Described at various times as both a sleeker, CGI-infused update of Voyage to the Bottom of the Sea and even “Star Trek underwater,” seaQuest DSV spent three seasons pitting its crew against many of the same sorts of problems and situations visited upon the crews of the Seaview and the Starship Enterprise. Venerable everyman actor Roy Scheider’s portrayal of Nathan Bridger brought a level of gravitas to the production it might not otherwise have enjoyed, in much the same way Patrick Stewart’s Jean-Luc Picard provided a solid core to the cast of Star Trek: The Next Generation just a few years earlier.
Never a ratings powerhouse, seaQuest DSV nevertheless managed to hold onto its Sunday evening timeslot for three seasons, enduring network and studio-mandated retooling and significant(!) cast changes each year, along with shifts in tone and storytelling approaches. The first season dealt with storylines touching upon scientific discoveries and environmental questions, with occasional diversions into political shenanigans and even extraterrestrial contact. The second year brought with it an enhanced emphasis on action-adventure stories and increased focus on science fiction concepts, much like Voyage to the Bottom of the Sea did in its later seasons. Rebranded as seaQuest 2032 for its third season, the show endured even more reworking and a change of cast lead from Roy Scheider to Michael Ironside while taking an even more “serious” approach to its storylines. The show was cancelled in early 1996, with the season’s 13th and final episode airing that June.
Like many genre shows of the 1980s and 90s, seaQuest DSV was a prime candidate for tie-in efforts such as novels and comics. Ace Books acquired a publishing license and quickly commissioned three novels which were published while the series was still broadcasting its first season.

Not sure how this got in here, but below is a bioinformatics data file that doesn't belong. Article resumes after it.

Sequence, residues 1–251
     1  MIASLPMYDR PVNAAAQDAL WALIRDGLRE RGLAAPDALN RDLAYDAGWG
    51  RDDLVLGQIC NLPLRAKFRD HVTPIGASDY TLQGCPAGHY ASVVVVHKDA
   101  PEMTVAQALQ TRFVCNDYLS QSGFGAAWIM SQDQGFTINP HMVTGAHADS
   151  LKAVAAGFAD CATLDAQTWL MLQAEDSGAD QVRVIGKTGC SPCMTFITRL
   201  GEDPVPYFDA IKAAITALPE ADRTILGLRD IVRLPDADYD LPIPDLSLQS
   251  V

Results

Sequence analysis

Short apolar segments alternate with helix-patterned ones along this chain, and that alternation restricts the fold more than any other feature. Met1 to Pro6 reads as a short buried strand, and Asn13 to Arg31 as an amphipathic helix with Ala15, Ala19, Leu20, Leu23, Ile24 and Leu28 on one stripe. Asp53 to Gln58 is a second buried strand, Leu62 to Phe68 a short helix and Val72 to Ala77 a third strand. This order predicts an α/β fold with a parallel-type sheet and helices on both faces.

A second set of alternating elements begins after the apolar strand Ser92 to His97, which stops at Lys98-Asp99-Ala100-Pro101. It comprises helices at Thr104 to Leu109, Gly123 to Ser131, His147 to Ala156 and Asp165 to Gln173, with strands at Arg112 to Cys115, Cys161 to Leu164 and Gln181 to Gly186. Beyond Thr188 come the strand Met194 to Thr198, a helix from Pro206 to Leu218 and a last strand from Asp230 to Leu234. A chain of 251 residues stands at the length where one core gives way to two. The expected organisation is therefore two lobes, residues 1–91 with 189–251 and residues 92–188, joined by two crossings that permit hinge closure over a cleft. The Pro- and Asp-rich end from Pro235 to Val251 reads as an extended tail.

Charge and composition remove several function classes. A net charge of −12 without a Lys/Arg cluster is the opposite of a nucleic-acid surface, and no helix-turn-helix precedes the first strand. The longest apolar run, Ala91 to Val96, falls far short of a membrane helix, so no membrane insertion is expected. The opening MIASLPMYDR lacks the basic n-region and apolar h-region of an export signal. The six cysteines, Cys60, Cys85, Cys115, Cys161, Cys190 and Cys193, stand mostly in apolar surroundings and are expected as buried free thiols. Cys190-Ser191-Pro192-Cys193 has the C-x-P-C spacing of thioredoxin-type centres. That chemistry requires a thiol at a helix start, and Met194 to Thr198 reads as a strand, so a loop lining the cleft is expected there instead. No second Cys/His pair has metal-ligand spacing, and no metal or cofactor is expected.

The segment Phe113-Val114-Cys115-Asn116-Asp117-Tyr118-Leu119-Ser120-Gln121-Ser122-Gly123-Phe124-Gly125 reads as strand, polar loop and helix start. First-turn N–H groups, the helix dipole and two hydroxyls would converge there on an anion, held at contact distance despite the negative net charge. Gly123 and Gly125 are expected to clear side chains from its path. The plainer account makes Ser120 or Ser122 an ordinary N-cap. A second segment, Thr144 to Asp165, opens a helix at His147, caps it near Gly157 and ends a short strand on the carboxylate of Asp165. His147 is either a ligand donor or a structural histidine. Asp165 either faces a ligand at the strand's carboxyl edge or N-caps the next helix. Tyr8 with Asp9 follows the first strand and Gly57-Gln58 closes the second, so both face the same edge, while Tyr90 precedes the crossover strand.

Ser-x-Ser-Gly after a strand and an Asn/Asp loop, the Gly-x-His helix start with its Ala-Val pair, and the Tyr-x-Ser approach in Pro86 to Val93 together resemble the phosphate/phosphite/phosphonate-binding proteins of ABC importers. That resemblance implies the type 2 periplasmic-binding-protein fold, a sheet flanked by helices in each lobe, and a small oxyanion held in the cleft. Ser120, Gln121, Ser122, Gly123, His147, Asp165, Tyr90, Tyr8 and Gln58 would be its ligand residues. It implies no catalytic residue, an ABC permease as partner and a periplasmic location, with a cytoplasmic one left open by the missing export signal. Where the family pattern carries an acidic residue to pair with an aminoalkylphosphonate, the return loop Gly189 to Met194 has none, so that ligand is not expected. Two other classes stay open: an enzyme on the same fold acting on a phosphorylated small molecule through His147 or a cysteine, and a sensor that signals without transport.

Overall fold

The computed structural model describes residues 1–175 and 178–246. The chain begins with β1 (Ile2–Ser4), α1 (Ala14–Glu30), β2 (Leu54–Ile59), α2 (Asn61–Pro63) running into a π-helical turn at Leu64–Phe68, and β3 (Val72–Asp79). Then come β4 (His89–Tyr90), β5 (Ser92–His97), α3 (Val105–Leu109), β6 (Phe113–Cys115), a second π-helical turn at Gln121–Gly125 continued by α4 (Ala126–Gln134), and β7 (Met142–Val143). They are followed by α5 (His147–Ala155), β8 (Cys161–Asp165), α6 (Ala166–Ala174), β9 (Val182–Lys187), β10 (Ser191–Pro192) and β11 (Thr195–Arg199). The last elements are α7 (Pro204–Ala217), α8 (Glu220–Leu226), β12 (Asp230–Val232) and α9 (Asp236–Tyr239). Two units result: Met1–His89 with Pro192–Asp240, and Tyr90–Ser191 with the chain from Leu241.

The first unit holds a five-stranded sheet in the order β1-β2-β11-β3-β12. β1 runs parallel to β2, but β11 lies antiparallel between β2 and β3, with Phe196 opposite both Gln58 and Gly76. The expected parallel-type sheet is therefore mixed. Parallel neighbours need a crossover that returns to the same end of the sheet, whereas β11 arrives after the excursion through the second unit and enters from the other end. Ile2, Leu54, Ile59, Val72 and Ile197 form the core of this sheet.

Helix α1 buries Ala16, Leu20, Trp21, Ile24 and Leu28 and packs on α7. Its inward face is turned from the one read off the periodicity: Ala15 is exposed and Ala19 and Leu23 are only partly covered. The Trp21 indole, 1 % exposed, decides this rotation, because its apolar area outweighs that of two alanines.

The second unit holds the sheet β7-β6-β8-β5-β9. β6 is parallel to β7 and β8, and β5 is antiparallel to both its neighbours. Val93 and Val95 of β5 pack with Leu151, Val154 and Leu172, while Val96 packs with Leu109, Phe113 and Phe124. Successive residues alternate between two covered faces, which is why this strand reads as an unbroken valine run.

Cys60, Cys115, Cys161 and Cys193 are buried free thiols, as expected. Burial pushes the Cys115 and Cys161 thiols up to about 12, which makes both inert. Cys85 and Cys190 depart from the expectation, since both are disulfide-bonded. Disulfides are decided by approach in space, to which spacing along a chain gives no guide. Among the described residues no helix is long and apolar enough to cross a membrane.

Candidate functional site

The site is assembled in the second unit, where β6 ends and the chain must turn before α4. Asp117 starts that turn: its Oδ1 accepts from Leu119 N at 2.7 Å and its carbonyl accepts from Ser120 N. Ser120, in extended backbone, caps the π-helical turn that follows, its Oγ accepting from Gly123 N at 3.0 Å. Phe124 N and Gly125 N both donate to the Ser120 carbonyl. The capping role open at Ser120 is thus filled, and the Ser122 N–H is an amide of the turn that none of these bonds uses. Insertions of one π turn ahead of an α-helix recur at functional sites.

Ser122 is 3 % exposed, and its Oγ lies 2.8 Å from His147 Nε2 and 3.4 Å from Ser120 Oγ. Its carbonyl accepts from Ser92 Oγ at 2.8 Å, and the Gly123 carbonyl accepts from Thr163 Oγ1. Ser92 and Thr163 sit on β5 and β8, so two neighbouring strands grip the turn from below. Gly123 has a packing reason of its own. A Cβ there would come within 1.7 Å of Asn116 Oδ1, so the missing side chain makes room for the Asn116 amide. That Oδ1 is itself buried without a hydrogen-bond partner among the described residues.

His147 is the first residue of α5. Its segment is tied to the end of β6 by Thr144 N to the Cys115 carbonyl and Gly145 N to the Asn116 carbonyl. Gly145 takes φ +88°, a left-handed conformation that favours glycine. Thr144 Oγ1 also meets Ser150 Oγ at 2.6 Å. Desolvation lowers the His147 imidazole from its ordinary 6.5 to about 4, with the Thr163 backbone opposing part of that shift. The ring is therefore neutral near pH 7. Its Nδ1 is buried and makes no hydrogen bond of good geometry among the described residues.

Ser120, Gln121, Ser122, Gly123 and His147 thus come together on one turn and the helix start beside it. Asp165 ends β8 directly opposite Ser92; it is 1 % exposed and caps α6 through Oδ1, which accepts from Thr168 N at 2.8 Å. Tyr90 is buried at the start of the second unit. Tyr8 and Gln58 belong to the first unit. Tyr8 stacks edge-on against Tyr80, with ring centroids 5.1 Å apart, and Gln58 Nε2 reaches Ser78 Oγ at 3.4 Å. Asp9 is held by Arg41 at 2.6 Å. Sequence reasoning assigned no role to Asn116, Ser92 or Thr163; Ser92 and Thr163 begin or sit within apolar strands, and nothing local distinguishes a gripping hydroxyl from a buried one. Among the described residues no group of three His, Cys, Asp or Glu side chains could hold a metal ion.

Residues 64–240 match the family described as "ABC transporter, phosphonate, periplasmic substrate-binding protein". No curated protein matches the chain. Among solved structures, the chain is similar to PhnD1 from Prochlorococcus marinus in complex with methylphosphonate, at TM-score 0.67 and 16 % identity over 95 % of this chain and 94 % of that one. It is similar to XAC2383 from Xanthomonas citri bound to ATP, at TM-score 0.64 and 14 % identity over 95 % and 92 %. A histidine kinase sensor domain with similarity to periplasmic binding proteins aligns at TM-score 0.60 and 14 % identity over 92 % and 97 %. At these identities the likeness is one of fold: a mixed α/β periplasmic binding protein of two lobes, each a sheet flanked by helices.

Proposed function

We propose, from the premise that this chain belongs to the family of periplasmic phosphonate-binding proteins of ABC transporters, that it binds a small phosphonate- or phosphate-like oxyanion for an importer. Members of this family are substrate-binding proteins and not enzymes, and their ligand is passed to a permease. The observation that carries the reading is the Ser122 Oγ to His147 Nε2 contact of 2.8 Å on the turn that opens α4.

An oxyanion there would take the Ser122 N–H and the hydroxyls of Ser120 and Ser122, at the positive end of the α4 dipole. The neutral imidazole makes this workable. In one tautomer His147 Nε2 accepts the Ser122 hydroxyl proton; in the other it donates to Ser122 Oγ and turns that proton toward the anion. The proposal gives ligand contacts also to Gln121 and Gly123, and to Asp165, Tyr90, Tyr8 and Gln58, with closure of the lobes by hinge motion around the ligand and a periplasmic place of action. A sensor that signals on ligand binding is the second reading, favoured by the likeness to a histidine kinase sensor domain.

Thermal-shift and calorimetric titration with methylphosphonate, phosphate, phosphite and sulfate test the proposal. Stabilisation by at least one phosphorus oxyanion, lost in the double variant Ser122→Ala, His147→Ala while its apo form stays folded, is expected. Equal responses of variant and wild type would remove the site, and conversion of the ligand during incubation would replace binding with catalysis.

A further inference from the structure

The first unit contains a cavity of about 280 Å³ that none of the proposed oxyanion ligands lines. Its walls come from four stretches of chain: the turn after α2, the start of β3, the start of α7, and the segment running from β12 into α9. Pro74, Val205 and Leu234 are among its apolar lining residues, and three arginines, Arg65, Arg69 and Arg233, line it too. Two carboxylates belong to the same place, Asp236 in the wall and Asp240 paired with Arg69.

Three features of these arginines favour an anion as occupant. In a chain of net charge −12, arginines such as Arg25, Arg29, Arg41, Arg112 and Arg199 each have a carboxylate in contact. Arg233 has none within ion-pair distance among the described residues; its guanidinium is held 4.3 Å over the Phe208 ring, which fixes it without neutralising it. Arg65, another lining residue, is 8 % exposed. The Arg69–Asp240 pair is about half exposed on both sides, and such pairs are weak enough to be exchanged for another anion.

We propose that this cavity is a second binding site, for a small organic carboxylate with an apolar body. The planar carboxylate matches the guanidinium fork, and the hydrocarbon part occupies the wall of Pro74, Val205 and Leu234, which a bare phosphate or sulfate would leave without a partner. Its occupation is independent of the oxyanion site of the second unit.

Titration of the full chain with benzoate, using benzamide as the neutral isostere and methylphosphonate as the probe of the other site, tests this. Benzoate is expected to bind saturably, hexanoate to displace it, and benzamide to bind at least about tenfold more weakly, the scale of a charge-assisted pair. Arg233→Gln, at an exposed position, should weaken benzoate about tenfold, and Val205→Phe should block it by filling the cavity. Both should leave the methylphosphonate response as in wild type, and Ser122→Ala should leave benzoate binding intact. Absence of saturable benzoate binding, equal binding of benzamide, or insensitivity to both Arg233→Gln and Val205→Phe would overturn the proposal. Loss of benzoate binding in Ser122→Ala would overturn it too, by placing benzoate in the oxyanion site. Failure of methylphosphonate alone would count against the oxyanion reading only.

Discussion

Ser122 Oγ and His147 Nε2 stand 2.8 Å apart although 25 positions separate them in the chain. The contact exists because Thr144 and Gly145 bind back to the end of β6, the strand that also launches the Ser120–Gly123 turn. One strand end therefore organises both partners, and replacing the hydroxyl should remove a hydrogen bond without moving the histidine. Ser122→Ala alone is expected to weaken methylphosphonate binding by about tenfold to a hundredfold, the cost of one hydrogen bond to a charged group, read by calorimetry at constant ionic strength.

The first of these, seaQuest DSV: The Novel, is actually a novelization written by noted author Diane Duane and adapting the series’ 2-hour pilot episode, “To Be or Not to Be.” It was published in October 1993, barely after the show’s premiere.
Following in January 1994 was Fire Below, written by science fiction and horror author Matthew J. Costello. It’s an original tale fusing what could be a 1st-season storyline of terrorists taking over an undersea resort with another plot you might find in Season 2 and featuring a newly-discovered species of “sea worm” that possesses mind-control powers.
March 1994 brought with it the final stretch of the show’s first-season episodes as well as The Ancient, the third and final seaQuest novel, written by David Bischoff. This one carries more than a bit of Star Trek sensibility as it finds Bridger and his crew tasked with investigating reports of a sea creature wreaking havoc in the South Pacific. This leads them to encounter an alien spacecraft that is basically a living being (think like Moya, the ship from Farscape), which apparently came to Earth millions of years ago and taught dolphins how to communicate.
Elsewhere, Nemesis Comics published exactly one issue of a seaQuest DSV comic in March 1994. It featured an original story and while there were plans to continue the series, no other issues were published. I have to confess I’ve never seen this comic so I can’t comment on the story.
seaQuest DSV still has its fans, to be sure, and I count myself among them. Because of that, I was jazzed to hear the recent news of the show getting a long-awaited complete series Blu-ray release (due out in just a couple of weeks as I write this). There was a time when I figured the show wasn’t the sort of thing to be graced with any kind of follow-up such as a continuation series or movie or even a full-blown reboot, especially considering it’s been off the air for nearly 30 years and key cast members – notably Roy Scheider, Jonathan Brandis, and Royce D. Applegate – are no longer with us. That said, Michael Ironside is still tearing it up and when it comes to pop culture entertainment and nostalgia, I’ve learned to never say never in this business. Who knows what the future might bring?
Maybe it’s still there, hiding beneath the surface.
Previous entries in this series:
The Six Million Dollar Man and The Bionic Woman
Planet of the Apes
The “No-Frills” Books
Alan Dean Foster!
Voyage to the Bottom of the Sea
Man from Atlantis